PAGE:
Dec 27, 2011, 8:50 AM EDT
Via BTF, we find a very cool set of charts over at the Wages of Wins Journal* showing which metropolitan areas in the U.S., based on local income and size, could support expansion franchises or relocated franchises for the major sports.
The upshot for baseball: there really is no place for a team to move that isn’t already part of another team’s existing territory. The largest cities have gotten larger and richer and they are the most viable options for new or relocated franchises. New York could handle at least one more. Two if you count Stamford/Bridgeport/Norwalk, Connecticut. Chicago could handle one. The Inland Empire of California. Any of the other usual suspects such as Las Vegas are “marginal” at best.
Maybe it’s academic. It appears that the Athletics are going to get their stuff figured out soon. That leaves only the Rays as a problem. At least for now.
* Yes, I realize the post is from October. I never saw it before, though, and that’s one of the reasons why I go to Baseball Think Factory every day. They always find this kind of stuff.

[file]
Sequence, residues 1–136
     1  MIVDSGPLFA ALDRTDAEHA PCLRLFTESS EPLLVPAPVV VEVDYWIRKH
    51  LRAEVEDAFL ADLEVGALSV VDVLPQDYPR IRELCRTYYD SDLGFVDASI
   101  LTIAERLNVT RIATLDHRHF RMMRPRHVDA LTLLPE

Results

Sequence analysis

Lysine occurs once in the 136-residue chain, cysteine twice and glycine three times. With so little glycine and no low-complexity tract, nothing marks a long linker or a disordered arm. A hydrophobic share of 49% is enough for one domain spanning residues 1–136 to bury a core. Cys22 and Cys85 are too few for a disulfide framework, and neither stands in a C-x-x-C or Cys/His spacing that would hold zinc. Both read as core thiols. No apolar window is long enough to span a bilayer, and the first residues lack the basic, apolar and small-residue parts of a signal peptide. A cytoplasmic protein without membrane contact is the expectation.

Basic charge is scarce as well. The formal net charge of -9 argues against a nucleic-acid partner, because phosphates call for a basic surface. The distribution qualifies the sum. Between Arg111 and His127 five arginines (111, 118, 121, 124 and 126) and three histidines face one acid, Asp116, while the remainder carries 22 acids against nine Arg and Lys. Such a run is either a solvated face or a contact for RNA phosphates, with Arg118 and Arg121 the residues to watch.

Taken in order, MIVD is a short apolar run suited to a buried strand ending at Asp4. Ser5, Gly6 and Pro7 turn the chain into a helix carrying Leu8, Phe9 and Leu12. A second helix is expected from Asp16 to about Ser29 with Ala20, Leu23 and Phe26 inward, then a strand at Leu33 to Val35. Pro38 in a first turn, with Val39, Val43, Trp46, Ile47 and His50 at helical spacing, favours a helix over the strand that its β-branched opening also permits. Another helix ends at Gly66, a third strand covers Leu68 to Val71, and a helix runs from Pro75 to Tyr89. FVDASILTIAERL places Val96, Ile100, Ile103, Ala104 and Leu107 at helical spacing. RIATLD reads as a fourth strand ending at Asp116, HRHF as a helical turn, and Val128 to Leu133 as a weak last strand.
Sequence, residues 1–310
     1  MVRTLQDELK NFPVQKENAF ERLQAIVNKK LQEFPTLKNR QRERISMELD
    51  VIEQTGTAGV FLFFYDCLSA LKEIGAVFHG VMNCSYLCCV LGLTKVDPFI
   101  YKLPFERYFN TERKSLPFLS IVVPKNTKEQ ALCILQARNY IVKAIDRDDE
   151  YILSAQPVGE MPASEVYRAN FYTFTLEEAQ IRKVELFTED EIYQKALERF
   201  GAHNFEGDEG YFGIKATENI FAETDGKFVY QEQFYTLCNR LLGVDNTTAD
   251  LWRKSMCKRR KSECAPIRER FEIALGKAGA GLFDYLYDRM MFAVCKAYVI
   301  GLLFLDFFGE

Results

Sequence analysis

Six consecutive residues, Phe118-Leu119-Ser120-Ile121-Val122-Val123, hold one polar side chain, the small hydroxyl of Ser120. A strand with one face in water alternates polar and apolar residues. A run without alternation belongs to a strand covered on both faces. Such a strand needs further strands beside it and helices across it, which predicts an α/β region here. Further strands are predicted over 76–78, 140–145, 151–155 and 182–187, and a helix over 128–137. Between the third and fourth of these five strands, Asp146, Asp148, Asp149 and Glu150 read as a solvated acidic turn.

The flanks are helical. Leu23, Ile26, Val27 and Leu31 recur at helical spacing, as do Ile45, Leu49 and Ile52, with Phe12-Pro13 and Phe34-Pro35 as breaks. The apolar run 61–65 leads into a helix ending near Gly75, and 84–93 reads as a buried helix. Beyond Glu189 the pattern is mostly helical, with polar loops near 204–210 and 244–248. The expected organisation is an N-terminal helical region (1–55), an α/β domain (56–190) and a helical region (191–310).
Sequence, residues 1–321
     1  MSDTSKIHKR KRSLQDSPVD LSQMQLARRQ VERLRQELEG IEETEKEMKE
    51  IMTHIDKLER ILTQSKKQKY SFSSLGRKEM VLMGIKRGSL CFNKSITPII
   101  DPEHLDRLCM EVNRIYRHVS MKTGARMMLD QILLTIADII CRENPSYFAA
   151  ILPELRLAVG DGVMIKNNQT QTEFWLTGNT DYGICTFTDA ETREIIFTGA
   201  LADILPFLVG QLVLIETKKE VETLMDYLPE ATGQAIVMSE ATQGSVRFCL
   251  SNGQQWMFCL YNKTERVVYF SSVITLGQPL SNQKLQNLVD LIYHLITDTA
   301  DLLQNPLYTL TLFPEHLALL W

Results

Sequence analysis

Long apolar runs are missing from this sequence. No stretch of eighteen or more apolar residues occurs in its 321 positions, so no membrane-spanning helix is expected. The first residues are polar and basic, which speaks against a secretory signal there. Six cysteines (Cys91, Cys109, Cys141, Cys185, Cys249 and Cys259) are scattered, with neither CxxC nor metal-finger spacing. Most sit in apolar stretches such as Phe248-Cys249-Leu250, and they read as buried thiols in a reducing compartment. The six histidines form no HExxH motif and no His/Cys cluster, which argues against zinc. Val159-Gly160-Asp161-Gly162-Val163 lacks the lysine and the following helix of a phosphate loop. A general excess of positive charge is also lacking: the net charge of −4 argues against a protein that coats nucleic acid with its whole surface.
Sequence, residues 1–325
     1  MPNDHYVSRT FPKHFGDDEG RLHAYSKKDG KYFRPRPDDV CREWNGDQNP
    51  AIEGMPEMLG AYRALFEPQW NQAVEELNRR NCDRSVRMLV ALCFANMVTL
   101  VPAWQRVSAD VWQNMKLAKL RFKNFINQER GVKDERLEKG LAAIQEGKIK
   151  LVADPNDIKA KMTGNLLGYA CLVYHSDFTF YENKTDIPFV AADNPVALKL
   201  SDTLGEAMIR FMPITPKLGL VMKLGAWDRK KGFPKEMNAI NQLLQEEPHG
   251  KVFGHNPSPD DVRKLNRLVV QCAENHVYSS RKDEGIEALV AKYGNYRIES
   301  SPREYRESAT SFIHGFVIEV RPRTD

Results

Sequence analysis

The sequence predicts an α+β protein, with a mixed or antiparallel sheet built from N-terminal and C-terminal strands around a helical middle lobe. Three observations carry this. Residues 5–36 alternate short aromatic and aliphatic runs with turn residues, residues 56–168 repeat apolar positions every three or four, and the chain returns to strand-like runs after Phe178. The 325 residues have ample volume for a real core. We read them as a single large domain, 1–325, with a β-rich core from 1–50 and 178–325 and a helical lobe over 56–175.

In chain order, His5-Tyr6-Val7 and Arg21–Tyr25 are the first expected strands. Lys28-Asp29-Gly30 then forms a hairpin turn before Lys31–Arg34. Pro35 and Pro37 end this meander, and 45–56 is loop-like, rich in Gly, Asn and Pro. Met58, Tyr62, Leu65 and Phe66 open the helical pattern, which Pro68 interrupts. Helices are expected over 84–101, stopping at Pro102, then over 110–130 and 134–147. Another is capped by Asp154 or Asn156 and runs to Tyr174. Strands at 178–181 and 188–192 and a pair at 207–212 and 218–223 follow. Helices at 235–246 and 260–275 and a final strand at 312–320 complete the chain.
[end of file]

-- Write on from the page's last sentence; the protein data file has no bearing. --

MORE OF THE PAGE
- Believe the hype: Carlos Correa is already a superstar 12
- Gregg Zaun to Yordano Ventura: “stop writing checks with your mouth that your skinny ass can’t cash” 58
- And That Happened: Monday’s scores and highlights 52
- Adrian Beltre needs just five innings for the third cycle of his career 16
- Mets blow out Marlins, move past Nationals for first place in NL East 26
- Yordano Ventura calls Jose Bautista a “nobody” and accuses him of stealing signs 73
- And That Happened: Sunday’s scores and highlights 88
- The benches cleared in Toronto, too 79
- The benches cleared in Friday’s Giants-Rangers game (208)
- Blue Jays acquire David Price from the Tigers (113)
- Rangers land ace left-hander Cole Hamels from Phillies (106)
- Royals make another big move, get Ben Zobrist from A’s (95)
- Report: Rockies trade Troy Tulowitzki to Blue Jays for Jose Reyes and prospects (92)